I watched the movie "Machine Gun Preacher" the other night with my family. It's rated R and I would not recommend it for younger kids because of the content and the moral questions it provokes. I spent a good part of the next ruminating, reading, listening and revisiting my own journey of thought and action in relationship to violence, peace and mission in following Jesus into East Central, Spokane.
The movie is about a rough biker dude who 'finds Jesus' and is sent on a new path that eventually includes church planting and mission work in Africa among orphans and the terror of the LRA. In the movie the 'machine gun preacher' ends up using weapons to defend, rescue and retaliate in the work with orphans. The repercussions, both externally and internally in the man and the mission are wrestled with and yet the conclusions are left for you to really process and decide as far as the moral outcome of it all.
In the credits you get a chance to see and hear the real man the movie is based on, Sam Childers. In closing he asks us to put ourselves in the shoes of a bereaved parent whose child has been abducted, and he asks, “If it were your child, and I could get her back… does it matter how I do it?”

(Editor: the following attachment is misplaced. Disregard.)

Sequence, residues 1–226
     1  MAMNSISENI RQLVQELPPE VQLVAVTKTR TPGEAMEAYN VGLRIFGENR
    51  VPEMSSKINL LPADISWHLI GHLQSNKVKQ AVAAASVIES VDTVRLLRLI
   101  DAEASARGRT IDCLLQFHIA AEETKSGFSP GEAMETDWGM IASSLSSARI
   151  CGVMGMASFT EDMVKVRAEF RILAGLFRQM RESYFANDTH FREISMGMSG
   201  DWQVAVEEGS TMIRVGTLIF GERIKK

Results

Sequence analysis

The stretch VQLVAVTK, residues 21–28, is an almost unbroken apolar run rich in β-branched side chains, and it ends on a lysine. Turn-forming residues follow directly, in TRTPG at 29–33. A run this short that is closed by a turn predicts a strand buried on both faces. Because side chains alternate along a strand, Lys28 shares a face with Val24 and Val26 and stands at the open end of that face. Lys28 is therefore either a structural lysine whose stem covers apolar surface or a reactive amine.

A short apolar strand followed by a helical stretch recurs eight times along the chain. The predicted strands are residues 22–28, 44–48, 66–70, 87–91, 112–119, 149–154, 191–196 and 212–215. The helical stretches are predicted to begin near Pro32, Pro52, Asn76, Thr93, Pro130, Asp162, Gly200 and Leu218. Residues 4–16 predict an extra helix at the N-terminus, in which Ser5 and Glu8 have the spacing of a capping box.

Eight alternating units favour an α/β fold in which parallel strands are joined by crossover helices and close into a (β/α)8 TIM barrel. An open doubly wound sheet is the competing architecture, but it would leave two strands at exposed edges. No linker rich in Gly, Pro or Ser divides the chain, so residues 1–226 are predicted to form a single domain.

In other words, do the ends justify the means, if you achieve a worthy goal?
Afterwards our family talked for about half an hour about the film, the frustrations, contradictions and moral dilemmas it sets up for families, followers of Jesus and churches. My youngest's (12) first response was 'Lets get a gun" a response I understood but didn't want to be the only conclusion of his viewing the film. In the end of all our discussion, we were left with more questions than answers and more ambiguity than clarity, but settled on a directive to do our best to act and react to this world as we would desire it to be, not as it is. We are following Jesus not for a eternal lollipop at the end but because His teachings make this world a better place to be.
This morning I printed off a picture of our dear missionary friends in Southern Sudan that we sent from our church this summer. It's a picture of their two young children sitting with a little African boy with beautiful but haunting eyes. I put it on our fridge with the words "Pray & Give" written on it, a gentle reminder that we as a family in Spokane are connected in some small way to the work of justice and love in the same part of the world.
God willing, I hope to do that without blood on my hands.